From left: Judy Vongphachanh (HOCO), Cu Van Ha (HOCO), Hugh Hockton (Niagara River Trading Co.) and Chris Watling (Soup Kitchen).
It’s a simple message printed in white on a bright red t-shirt: Be Nice. But it’s resonated with tourists in Niagara Falls and now across Canada.
Hugh Hockton, owner of the Niagara River Trading Company came up with the idea of putting the two words on a t-shirt while south of the border. “I was down in Florida and I saw something with ‘Be Nice” and I thought what a great simple message. It’s Just a nice thing to say and do.”
When he returned home he got to work on creating the t-shirt that includes a white maple leaf and is branded for Niagara Falls specifically. He partnered with the HOCO a local company that owns, among other things, Canada Trading Company, a large souvenir shop on Clifton Hill. The shop set up a display in the middle of the store with the Be Nice shirts and on Canada the staff all wore them. Customers loved them and they were flying off the shelf. It’s a great story for two local businesses partnering up but it doesn’t end there.
There’s a tag on each t-shirt. On one side displays the logo for the Niagara Falls Soup Kitchen. On the other is a brief paragraph that states what the soup kitchen’s mission is and how they will receive a percentage of every t-shirt sold. The message ends with, “Thank you for being nice.”
The HOCO staff not only purchased their own shirts but also donated additional money. On Thursday they presented a cheque to Chris Watling of the Soup Kitchen for $631.35. Watling was thrilled and as she thanked the HOCO staff who visited the soup kitchen along with Hockton, she explained how the organization serves138 to 150 meals per day using a team of volunteers. They only have one paid employee. She said it’s local businesses like HOCO and Niagara River Trading Co. and many others that keep the soup kitchen going. She said the Casinos, Soctiabank Convention Centre and all the hotel owners have been massive supporters over the years providing food, volunteers and funds to keep the lights on and the food being served to those in need.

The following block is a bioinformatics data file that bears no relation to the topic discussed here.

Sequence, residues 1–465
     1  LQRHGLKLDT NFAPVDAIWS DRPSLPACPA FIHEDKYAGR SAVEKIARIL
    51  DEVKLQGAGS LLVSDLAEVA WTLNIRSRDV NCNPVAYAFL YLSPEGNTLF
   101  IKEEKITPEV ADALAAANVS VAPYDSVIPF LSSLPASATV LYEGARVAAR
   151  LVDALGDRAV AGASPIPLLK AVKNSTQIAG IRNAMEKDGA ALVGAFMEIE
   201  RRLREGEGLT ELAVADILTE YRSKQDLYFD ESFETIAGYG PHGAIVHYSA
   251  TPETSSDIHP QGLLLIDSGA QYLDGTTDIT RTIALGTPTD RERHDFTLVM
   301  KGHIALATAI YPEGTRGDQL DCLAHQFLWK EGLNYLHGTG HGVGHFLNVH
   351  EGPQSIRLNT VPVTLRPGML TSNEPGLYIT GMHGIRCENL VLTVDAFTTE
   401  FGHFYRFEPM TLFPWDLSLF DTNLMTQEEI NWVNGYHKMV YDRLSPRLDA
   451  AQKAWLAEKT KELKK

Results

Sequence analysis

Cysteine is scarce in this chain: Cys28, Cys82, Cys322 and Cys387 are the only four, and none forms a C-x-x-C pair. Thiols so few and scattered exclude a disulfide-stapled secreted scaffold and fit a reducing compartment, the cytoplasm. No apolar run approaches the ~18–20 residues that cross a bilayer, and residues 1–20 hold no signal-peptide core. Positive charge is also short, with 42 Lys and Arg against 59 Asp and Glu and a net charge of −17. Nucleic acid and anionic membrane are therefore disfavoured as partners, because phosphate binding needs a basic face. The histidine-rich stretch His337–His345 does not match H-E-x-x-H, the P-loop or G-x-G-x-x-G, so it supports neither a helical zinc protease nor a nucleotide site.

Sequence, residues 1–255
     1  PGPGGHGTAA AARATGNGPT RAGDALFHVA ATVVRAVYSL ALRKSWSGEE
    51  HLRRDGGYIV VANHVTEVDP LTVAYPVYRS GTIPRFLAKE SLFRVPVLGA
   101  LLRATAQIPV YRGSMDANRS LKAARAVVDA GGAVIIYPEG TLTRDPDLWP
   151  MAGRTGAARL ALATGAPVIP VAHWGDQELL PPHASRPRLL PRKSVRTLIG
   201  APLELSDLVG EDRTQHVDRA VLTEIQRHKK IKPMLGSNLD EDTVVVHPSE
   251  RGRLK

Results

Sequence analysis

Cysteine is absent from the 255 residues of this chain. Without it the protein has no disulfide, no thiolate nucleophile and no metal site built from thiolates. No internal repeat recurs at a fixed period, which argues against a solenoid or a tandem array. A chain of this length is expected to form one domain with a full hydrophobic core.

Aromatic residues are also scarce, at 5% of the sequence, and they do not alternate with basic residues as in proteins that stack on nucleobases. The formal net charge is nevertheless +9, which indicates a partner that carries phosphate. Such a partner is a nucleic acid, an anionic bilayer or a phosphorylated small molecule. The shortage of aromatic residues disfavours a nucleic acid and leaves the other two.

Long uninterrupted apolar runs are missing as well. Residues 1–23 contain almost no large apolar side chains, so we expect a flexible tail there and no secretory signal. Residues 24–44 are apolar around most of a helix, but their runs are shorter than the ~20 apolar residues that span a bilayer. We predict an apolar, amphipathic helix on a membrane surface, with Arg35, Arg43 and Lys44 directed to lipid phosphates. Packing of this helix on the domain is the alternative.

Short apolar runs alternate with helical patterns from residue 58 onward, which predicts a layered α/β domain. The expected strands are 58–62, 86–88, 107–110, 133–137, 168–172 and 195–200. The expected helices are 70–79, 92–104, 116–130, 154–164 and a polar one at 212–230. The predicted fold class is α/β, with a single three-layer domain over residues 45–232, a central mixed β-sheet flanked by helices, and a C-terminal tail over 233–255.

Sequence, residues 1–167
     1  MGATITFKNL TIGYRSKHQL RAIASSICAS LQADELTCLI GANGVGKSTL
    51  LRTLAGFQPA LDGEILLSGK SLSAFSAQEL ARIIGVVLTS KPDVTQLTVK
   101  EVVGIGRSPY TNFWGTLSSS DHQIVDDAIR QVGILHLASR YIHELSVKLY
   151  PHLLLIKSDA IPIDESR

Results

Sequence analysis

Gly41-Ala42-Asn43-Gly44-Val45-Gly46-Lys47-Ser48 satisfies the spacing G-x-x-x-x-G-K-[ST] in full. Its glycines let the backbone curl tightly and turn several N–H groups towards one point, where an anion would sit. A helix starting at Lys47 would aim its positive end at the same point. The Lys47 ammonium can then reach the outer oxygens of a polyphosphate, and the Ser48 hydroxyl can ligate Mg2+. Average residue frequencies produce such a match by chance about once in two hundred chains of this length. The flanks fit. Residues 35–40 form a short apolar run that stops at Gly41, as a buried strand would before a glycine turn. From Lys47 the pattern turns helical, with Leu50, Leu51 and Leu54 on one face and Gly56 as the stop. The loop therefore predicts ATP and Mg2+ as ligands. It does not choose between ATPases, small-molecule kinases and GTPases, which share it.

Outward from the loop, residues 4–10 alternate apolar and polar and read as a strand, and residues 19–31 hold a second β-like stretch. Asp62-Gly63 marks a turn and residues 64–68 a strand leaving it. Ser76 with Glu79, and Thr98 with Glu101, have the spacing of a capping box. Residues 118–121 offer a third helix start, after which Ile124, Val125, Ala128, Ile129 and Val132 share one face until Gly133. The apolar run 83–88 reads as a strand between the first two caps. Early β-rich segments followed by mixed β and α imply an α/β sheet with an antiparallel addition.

Hockton plans to spread the Be Nice message across the country and already has shirts in Vancouver, Montreal and Banff. He said he will be travelling to those cities to find a local charity so that they can set up a similar program to what’s being done in Niagara Falls. In fact, the soup kitchen wasn’t the first choice but it turns out to be the best one. “I tried calling a couple of national charities to partner with and nobody got back to me,” explained Hockton. So Hockton called his friend Cliff Sexton, a retired Niagara Regional Police officer who volunteers at the soup kitchen. “Cliff was instrumental in making this connection happen.” Hockton also praised Cate Wood and Erin Zupan from HOCO. “Without them none of this would have happened.”
Niagara Falls regional councillor Bob Gale whose family has supported the Soup Kitchen for years said it’s a great gesture with a great message. “I think it’s awesome,” said Gale. “Local businesses like HOCO and Niagara River Trading Company do so much for this community and most of it goes unnoticed. They’re supporting a great cause and spreading a great message.”
Hockton said selling in a tourist market will hopefully mean more sales and more benefit to the charity. “It’s unique because they are being sold in tourist areas there are different customers constantly coming and going so there are new people seeing the shirts every day,” explained Hockton. “For example, in Vancouver, a cruise ship comes into port and 3,000 people get off, shop, maybe a Be Nice t-shirt, get back on the ship and sail away. A little while later another ship docks with 3,000 more people.”
Winter items with the Be Nice logo are already in the works including toques, hoodies and long-sleeve t-shirts. Baseball caps are going into production soon too. “Our goal is to be across the country by February next year,” said Hockton.
Be Nice; It’s a simple message that’s having a big impact.